In an Article in the Los Angeles Times, dated January 29, 1934, reporters tell of G. Warren Shufelt, an engineer who was attempting to penetrate secret tunnels under the city in which Lizard People were supposed to live. The tunnels, supposedly located by “X-Ray” (which is just a word they threw in the article I guess), were said to be one of three lost cities on the pacific coast in which the lizards lived after a “great catastrophe” some five thousand years ago.
Naturally, the story isn’t actually plausible. Skeptoid.com pulls it apart quite nicely. Of course we are not interested in the cold, boring reality; we are interested in how this could be turned into an exciting story. And that’s just very easy.
- The basic plot here is that the characters are hired to expose Shufelt’s attempt to defraud investors in the lizard man treasure hunt.
- The lizard man caves could be literally real; the lizards could hide treasures there or there could just be natural riches (gold or other precious metals). The characters could attempt to do what Shufelt did, or if you set the story in 1934, they could join forces with him or work against him in trying to secure the treasure.
- The lizards could actually have evil intentions, and are perhaps behind a series of missing people in Los Angeles. In the course of the investigation, the players come across these tunnels. It’s very Lovecraftian, and may be an ideal first adventure that pulls the characters into investigating Mythos activities in the first place.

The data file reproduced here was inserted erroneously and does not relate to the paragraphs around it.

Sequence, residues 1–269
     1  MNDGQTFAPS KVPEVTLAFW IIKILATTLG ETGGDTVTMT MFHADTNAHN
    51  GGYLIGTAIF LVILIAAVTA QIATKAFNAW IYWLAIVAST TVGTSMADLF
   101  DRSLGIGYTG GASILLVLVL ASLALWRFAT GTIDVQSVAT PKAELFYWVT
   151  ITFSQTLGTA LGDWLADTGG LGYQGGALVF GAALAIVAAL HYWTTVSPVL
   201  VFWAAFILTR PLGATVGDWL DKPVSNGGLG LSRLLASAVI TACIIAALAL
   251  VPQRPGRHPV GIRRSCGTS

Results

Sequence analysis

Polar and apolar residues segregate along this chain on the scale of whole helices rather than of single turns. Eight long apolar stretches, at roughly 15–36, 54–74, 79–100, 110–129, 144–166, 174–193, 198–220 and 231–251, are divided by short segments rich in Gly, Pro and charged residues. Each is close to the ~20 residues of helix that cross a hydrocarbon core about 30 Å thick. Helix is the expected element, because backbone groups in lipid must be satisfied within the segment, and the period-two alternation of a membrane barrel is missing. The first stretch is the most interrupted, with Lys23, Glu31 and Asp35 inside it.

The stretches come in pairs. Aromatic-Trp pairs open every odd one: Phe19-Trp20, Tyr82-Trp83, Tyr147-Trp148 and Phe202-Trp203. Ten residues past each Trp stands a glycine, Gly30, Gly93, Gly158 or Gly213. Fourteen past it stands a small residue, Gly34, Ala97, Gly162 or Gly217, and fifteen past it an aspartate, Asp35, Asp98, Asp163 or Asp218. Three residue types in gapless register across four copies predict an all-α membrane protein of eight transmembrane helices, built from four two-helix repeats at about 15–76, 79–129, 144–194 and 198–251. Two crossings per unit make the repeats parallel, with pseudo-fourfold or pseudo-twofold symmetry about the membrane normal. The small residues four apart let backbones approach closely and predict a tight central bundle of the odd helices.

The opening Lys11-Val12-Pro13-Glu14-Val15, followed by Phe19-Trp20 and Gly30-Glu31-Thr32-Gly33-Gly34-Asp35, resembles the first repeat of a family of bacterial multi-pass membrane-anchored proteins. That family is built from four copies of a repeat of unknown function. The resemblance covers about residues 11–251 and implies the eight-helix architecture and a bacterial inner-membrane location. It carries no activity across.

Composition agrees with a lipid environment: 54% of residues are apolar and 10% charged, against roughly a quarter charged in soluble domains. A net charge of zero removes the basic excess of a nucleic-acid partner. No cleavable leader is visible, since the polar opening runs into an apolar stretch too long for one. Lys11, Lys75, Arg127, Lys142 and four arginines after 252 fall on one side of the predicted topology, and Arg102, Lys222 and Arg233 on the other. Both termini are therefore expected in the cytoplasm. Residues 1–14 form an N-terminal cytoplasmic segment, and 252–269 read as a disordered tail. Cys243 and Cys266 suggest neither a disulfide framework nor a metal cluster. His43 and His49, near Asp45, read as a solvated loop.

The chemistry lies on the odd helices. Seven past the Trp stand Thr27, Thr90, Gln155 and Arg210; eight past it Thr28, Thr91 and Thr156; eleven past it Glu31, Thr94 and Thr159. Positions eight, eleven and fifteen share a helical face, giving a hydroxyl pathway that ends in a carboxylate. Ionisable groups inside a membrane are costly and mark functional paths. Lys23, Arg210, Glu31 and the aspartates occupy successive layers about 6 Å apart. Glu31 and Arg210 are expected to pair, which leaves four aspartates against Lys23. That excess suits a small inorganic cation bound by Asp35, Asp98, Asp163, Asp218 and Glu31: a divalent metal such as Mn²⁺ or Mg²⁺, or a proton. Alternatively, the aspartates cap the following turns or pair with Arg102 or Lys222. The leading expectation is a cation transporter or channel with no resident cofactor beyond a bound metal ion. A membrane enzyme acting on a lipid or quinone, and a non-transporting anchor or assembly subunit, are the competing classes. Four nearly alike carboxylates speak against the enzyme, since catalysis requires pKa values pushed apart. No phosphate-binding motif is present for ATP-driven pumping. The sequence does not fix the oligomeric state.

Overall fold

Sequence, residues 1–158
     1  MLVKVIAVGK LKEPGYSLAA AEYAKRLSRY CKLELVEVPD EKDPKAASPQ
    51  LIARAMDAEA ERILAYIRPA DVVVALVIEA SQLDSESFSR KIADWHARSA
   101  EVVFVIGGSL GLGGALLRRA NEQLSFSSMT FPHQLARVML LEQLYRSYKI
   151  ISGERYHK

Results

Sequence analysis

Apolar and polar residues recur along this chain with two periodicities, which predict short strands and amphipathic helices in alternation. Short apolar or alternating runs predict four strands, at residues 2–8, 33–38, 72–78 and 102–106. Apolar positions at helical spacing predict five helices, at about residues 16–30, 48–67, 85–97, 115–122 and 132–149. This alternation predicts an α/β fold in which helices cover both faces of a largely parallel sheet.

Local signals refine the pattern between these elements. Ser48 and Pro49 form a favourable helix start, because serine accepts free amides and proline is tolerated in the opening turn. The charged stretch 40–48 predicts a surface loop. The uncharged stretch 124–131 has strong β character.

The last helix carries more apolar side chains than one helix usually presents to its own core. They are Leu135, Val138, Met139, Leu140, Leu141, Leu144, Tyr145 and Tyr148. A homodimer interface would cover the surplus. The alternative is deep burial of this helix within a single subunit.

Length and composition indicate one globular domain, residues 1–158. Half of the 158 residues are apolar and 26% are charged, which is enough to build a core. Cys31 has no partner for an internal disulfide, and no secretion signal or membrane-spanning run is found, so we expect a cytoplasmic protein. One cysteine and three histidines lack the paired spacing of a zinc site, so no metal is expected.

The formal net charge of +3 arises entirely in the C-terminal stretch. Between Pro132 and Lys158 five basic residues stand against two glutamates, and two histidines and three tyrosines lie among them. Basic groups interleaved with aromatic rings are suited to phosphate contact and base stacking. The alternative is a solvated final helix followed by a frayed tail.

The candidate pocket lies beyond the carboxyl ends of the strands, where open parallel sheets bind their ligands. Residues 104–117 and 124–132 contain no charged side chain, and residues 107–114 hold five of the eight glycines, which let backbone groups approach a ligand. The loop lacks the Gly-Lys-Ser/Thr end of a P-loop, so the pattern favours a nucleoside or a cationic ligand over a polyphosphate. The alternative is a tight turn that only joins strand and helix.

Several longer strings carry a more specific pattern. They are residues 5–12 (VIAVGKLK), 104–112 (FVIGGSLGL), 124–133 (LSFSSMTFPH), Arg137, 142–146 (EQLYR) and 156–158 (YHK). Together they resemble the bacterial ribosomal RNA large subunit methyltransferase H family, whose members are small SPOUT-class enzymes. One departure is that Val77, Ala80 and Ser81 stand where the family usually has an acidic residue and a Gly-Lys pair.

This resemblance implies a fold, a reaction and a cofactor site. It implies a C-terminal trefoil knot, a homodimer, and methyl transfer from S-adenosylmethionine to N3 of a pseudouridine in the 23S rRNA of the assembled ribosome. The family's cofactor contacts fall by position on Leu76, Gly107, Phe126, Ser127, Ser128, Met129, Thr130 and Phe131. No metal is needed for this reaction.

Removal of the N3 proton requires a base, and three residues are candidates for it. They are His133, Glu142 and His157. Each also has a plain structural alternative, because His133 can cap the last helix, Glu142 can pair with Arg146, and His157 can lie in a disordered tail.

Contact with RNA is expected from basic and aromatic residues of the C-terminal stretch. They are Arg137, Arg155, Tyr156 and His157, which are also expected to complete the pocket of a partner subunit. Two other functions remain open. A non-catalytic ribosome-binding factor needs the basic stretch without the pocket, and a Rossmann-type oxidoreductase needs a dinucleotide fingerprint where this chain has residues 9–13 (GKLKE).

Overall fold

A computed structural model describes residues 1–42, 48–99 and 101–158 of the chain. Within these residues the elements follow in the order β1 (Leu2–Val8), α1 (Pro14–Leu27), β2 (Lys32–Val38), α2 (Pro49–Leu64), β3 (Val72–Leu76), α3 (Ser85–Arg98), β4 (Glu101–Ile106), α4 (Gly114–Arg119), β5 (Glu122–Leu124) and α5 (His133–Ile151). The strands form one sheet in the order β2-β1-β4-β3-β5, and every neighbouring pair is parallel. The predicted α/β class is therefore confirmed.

- In a more modern approach, the secret tunnels could be an alien outpost; after all reptilian aliens are a staple of the UFO myth.
- The tunnels could be part of a greater underworld realm. This could lead to the Hollow Earth, there could be Atlantean refugees or ruins down there, and so on. Cave exploration has captivated audiences in role-playing games and adventure stories for ages.
- The city project to build Los Angeles’ subway hits these tunnels and the characters are called in to investigate them.
- Do a bait-and-switch. The monsters turn out not to be real, but the tunnels are used by Pirates, the Mafia and smugglers, revolutionaries against the American Theocracy, illegal immigrants, or other outcasts from society.
- One word: Morlocks.